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Nestlé, the Swiss food group that last month swallow Pfizer’s infant nutrition business for $11.85bn in order to enlarge its emerging markets presence, is at it again.
On Tuesday, the company said it planned to invest more than CHF5.3m ($5.7m) in the North African nation of Morocco in a bid to boost its milk collection and production in the region.
Moroccan officials say the deal and others pending are evidence of interest by multinationals in the country of 32m. Foreign direct investment in Morocco, heavily dependent on Europe’s economy, was growing steadily until the financial meltdown in 2008 and is now picking up again, totaling $3.6bn in 2010.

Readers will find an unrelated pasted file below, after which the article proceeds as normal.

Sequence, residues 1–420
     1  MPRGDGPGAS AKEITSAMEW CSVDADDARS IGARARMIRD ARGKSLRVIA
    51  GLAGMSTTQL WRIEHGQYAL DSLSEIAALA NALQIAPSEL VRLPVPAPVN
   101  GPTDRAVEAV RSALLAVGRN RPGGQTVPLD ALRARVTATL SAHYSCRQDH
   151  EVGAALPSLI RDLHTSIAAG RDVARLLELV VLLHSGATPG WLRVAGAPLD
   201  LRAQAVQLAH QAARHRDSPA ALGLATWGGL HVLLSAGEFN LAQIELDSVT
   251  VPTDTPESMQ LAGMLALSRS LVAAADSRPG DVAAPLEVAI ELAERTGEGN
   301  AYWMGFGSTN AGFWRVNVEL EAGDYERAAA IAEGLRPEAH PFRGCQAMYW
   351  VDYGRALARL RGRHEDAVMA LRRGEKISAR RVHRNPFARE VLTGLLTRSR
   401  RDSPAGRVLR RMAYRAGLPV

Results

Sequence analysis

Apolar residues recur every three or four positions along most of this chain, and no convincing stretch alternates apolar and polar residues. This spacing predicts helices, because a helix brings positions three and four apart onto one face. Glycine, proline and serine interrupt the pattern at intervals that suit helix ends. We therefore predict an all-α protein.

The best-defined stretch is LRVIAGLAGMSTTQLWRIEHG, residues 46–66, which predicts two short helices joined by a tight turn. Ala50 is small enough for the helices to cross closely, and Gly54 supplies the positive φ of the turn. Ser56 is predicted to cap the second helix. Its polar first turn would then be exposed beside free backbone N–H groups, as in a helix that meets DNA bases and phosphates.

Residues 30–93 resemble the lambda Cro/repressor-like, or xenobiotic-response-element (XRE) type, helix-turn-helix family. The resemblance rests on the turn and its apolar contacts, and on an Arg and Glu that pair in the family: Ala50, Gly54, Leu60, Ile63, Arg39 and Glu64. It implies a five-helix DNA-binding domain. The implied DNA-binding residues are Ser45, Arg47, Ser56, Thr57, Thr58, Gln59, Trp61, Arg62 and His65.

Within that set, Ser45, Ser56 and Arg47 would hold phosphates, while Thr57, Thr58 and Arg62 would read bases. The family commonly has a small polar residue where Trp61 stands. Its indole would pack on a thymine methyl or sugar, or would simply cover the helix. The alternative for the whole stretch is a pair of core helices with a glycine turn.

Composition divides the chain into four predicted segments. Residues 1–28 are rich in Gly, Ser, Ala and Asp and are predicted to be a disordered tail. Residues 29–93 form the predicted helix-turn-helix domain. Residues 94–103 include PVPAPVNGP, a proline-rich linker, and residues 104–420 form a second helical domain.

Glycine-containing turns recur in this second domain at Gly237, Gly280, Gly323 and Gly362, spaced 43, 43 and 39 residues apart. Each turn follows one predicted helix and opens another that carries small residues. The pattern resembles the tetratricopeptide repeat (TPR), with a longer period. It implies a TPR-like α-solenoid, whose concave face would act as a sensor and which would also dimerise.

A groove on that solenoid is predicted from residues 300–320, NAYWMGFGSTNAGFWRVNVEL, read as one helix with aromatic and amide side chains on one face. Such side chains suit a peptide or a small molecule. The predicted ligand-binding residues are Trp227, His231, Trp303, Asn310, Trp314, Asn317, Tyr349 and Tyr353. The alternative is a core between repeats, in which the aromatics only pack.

The deal comes amid a continuing debate about food self-sufficiency across North Africa. Despite having sufficient arable lands, countries across the region find themselves spending billions each year to import and sometimes subsidise foodstuffs from abroad.
The Nestlé joint venture, in partnership with government agriculture officials in the west-central Doukkala-Abda region, “aims to increase milk production, improve the quality of fresh milk and encourage the development of the dairy industry throughout the private sector,” according to the press release.
Nestlé will train, provide equipment and finance more than 10,000 dairy farmers.
The region currently produces about a fifth of Morocco’s milk.
“This partnership will expand our dairy operations in the country,” David Saudan, Chief Executive Officer of Nestlé Morocco, said in the announcement.
Vevey, Switzerland-based foods giant Nestlé has operated a powdered milk factory in the Moroccan city of El Jadida since 1992.
Morocco supplies a third of the world’s phosphates, a key ingredient in fertiliser. It is also a major tourism destination.